Living in a world where going viral is as vital, if not more, than steady consistency amongst artists, it’s no surprise that Ice Spice took the wheel swiftly and continued to build on the success of her viral hit “Munch (Feelin’ U).” She continued that skyward trend with her following single, “Bikini Bottom,” a track that takes sonic influence from the Bikini Bottom title theme of Spongebob Squarepants and is as awe-inducing as it is confusing. Like “Munch,” Ice Spice doesn’t so much establish this jubilant and vibrant tone for the dance floor; she exhumes confidence that would otherwise be addicting if the writing had any level of depth, especially when her flexes are bare. However, Ice Spice has shown that she can bring varying dimensions to her writing, whether comparing and contrasting or fired-up metaphors, while staying bare and still meshing with the slick production by RIOTUSA, her frequent collaborator, on her debut EP, Like..?. It brought some intrigue to build within, but it fizzles swiftly with brisk pacing and an overall forgettable listening experience.
If there is one element of Like..? to thoroughly commend, it’s RIOTUSA’s production, which keeps the listener fluffed and on their toes – even if it’s the most lavish – hoping for some moderately good flows and verses from Ice Spice. Unfortunately, that isn’t the case. Though Ice Spice picks up steam with “Princess Diana” and “Gangsta Boo,” what surrounds them are tracks with poorly written brash lyricism that pushes sexual ferocity, liberty, and confidence. She exhumes vocal confidence that her candor circumvents the simplicity of some verses and choruses, allowing some to brush aside retreads and inhale the mixture of music getting produced. In this recent wave of New York Drill, creativity is scarce, and though the production brings a lot of consistency, it’s boasted to higher levels because the beats sound like RIOTUSA took the time to make them.
Since the viral sensation “Munch (Feelin’ U),” Ice Spice hasn’t fully separated herself from it lyrically. She references it twice outside of “Munch,” but they never come off organically. There’s some casualness, like in “Actin’ A Smoochie, where she rapped, “N***a a munchie, he eat me like food, damn (Grrah)/He eatin’ it up, kitty on water, he beatin’ it up (Beatin’ it up).” The bars aren’t as gripping. Each time it happens, there is no sense of oomph riding it, making it seem like she’s forcing an inorganic identity, like the mundane producer callout. It’s never in alignment with the flexing and trying to make it seem like eating pussy is prestigious these days, unlike in the past. We hear this on “Bikini Bottom,” she raps, “Balenciaga baddie, got a bag (A bag)/N***a munchin’, ate it from the back (The back)/N***a fiendin’, gotta play it cool (Huh?).”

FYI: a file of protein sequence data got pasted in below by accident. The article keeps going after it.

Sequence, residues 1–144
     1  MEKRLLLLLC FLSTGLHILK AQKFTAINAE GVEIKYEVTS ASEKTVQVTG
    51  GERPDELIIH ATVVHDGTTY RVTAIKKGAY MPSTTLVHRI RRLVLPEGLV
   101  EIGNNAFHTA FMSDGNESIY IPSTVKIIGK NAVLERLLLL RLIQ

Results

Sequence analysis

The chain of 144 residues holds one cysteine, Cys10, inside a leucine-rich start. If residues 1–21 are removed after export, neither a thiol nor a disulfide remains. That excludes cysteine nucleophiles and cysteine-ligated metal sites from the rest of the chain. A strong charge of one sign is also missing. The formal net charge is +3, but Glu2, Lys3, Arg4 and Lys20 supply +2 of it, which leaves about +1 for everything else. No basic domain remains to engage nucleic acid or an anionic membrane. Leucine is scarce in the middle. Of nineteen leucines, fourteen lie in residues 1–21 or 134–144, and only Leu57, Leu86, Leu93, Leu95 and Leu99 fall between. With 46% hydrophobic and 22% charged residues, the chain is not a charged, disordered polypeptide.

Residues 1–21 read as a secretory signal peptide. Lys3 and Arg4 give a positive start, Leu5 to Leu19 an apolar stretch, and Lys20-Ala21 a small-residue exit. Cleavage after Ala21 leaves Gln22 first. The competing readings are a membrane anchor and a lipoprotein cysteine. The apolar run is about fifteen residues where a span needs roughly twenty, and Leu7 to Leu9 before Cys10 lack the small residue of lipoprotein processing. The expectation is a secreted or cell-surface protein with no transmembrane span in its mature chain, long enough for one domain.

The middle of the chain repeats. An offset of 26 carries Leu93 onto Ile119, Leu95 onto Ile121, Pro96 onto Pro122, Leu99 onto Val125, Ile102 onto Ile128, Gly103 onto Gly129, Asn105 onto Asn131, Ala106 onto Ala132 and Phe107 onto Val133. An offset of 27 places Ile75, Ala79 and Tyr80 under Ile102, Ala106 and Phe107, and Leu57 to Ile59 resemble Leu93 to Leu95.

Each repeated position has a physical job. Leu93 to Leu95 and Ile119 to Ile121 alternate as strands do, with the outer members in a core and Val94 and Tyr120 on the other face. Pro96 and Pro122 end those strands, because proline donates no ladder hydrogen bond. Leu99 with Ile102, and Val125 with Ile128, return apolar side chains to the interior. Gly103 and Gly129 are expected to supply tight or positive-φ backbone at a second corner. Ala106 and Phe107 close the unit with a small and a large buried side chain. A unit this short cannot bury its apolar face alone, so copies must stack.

That sexual liberty gets surrounded by simple flexes, party-like bars, and more sexual liberation which never takes that extra step, like the lines “In the party, he just wanna rump (Rump)/Big boobs and the butt stay plump (Stay plump)/She a baddie, she know she a ten (Baddie, ten)” and “Goin’ viral is gettin’ ’em sicker/Like, what? Let’s keep it a buck (Huh)/Bitches too borin’, got ’em stuck in a rut (Damn)” off “In Ha Mood.” She’s spitting relative randomness without constantly focused on storytelling, unlike the main highlight, “Gangsta Boo” with Lil TJay. It samples the iconic “I Need A Girl Part 2” and uses it beautifully, but the percussion still follows a simple flow, so Ice Spice stays comfortable. Ice Spice brings her all here and shows promise that she can deliver some great verses in the future.
Though I’ve commended the production, its creativity comes from everything outside the drums; it can feel somewhat fresh. It’s more energizing with “Princess Diana” and “Munch (Feelin’ U),” but as it comes back full circle, what everyone has been touting since “Munch” became a viral hit. Ice Spice doesn’t try to hide it, but it isn’t all that cool or great since she lacks variety on a technical level. I was left shrugging as I couldn’t fathom returning to this EP and re-evaluating its sure fire miss. It is something I had some hope, it would excel past expectations, but even with my low confidence in its quality beforehand, I wasn’t shocked when I felt justified that Ice Spice isn’t totally there yet, but there is still room to grow and hopefully, she does.